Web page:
It was about 5 in the afternoon last June 11, when Robert Thate stopped by Prince George’s Hospital Center in Cheverly, Md., where his infant son, Jeremiah, was battling viral pneumonia. For several days Robert’s wife, Theresa, had been staying at the hospital to be near the 3-week-old boy. Now, Robert joined her at Jeremiah’s bedside and suggested they get a bite to eat. Both parents felt anxious about leaving the baby, but, reassured by a nurse that the child would be fine, they went down to the hospital canteen. When the Thates came back 20 minutes later, the crib was empty, and Jeremiah’s cleanly cut intravenous tube lay on the floor in a spreading pool of fluid. As the Thates rushed toward the nurse’s station, the horror of what had happened was already apparent: Jeremiah had been stolen.
Nearly five months later the pain and anguish still register on their faces as the Thates relive those terrifying moments and the tortured weeks that followed. But there is also joy in the Thate household because, miraculously, Jeremiah came home last month to be reunited with his parents, his sister, Jessica, 3, and brother Patrick, 2. On Oct. 28, after a tip from a Washington, D.C., fireman, the baby, who is white, was recovered from a tenement in Southeast Washington, where two black women were raising him as their own. The 18-lb. baby stank but was fully recovered from his pneumonia and in robust health, with nothing more than a severe diaper rash and a case of infant acne to show for his experience. Footprints and a blood test established conclusively that the child was Jeremiah Thate.
“It was a long-awaited day,” says Robert, who had seen his family nearly destroyed by the abduction and its aftermath. Immediately after the kidnapping, there had been a crush of publicity. “We did six television interviews in one day,” says Robert. “I did it purposely so I wouldn’t have to deal with my emotions.” Then came the crackpot calls threatening the other Thate children. Meanwhile the FBI made Robert take lie detector tests as they pursued the investigation. “It made what we were going through a thousand times worse,” he says.
As for Theresa, there were days when she simply couldn’t function, she says. “I would sit on the couch and stare. My kids would be around asking questions, and I would say, ‘Leave me alone.’ The worst times were the evenings. I would always wait until I was ready to drop to go to bed. There were times when I’d just cry and cry and cry.” When that happened she would slip out of the bedroom to sob quietly on the sofa. Robert would come out and hold her all night, struggling to keep his feelings in check. “I chose to cry in the bathroom when I was alone,” he says.
Occasionally the Thates were able to pour out their feelings to one another, but frequently a wall of tension would rise between them. Robert, who works as a cartographer for a civil engineering firm, took a two-month unpaid leave from his job soon after the kidnapping because he couldn’t concentrate. He stayed home with Theresa, who had quit her job at a clothing store when they married four years ago, but they began to have loud arguments over trivialities. At one point they felt as if they might have to separate. “It was the greatest trial we’ve ever had as a couple, but if that didn’t break us up, I don’t know what else can,” says Robert, who bought a punching bag and hung it in the dining room to vent his frustrations.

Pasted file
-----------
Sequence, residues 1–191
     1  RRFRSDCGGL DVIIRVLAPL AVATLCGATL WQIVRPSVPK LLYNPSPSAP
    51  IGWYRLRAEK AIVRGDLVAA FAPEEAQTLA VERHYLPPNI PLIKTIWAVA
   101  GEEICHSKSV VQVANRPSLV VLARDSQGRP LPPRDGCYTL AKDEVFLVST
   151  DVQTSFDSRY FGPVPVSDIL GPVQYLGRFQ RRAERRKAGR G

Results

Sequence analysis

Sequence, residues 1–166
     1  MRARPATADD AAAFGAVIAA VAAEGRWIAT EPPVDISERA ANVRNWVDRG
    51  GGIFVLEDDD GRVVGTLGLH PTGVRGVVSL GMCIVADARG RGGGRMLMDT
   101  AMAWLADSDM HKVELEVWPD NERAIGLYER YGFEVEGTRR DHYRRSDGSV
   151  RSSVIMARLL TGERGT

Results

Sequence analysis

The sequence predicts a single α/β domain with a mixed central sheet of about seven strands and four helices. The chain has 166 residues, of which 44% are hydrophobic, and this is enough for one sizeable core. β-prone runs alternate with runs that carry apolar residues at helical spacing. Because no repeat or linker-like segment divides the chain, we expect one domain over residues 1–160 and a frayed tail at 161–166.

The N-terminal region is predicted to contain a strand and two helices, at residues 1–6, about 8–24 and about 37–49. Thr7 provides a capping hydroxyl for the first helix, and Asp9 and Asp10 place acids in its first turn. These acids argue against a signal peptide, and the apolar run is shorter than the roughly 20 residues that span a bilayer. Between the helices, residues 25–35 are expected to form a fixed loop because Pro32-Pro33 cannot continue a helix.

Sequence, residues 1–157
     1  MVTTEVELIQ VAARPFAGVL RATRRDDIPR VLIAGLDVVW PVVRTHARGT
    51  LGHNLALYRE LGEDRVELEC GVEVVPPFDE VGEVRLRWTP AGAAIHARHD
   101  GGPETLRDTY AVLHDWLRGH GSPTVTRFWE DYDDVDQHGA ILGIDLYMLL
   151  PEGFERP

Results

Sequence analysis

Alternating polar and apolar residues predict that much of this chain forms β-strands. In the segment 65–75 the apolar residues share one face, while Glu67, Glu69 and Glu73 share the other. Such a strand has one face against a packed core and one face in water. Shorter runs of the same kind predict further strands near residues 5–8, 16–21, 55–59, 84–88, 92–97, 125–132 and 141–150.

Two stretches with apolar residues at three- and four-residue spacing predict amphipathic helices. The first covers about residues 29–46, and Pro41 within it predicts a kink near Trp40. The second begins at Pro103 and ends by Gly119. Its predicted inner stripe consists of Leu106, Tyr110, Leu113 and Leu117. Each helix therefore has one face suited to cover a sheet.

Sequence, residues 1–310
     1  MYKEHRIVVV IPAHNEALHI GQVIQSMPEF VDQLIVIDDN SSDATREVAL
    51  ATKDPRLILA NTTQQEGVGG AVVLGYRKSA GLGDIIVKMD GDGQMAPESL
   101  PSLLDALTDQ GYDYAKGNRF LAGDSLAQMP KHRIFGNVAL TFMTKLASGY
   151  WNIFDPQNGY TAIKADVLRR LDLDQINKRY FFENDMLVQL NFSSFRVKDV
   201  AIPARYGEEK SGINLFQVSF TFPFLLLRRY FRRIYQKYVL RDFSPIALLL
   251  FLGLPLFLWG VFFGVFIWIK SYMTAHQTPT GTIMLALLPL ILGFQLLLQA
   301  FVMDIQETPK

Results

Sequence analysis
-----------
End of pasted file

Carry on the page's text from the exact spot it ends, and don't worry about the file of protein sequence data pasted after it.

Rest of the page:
Both the Thates are born-again Christians. Robert prayed, but Theresa found it difficult. “It hurt too much, and I was trying to stay away from the hurt,” she says. In her despair she fantasized about suicide, plotting how she might get drunk on a six-pack of beer, cover the kitchen floor with plastic garbage bags and slit her wrists with her best kitchen knife. “The thing that really kept me from doing it is that I have two other children,” she says.
Shortly after Jeremiah was taken, police had a composite drawing made of a blond woman in a ponytail whom some hospital staff claimed to have seen in the ward. The Thates became obsessed with finding her. Theresa prowled a nearby shopping mall, and whenever she saw a blond with a baby, she would walk over and start a conversation, angling for a good look at the baby’s face. Robert once sprinted four blocks to catch up with a blond woman pushing a baby carriage.
Then last month the Washington Post Magazine ran a moving story about the Thates. Firefighter Donald Derner had been thinking about the article the day he saw Linda Faye Stancil and her mother, Lillie Rose Baynes, standing with a white baby outside their decrepit building while a blaze was being extinguished inside. Instinctively he felt that this was the missing child. Derner called a hotline number printed in the Post magazine. But the police, inundated by new leads, didn’t follow up for two weeks, even though a second, anonymous caller offered the same information. When they did finally visit Stancil’s apartment, detectives found Jeremiah, as well as a stroller and some baby food, amid the empty vodka bottles and rat droppings.
Police now say that Stancil, 34, who told the police she’d recently suffered a miscarriage, snatched the child while visiting the hospital to apply for a job. Neither she nor her 50-year-old mother has a criminal record or a history of mental illness, though Stancil has been treated for alcoholism. Both women have been charged with kidnapping.
Child psychiatrists say Jeremiah was probably too young to suffer emotional harm from his abduction. He was perky when Derner met him recently, for the second time, on the set of Good Morning America. Theresa thanked the fireman but didn’t offer to let him hold the child. “Mrs. Thate,” he says with a smile, “is not letting go of that baby.”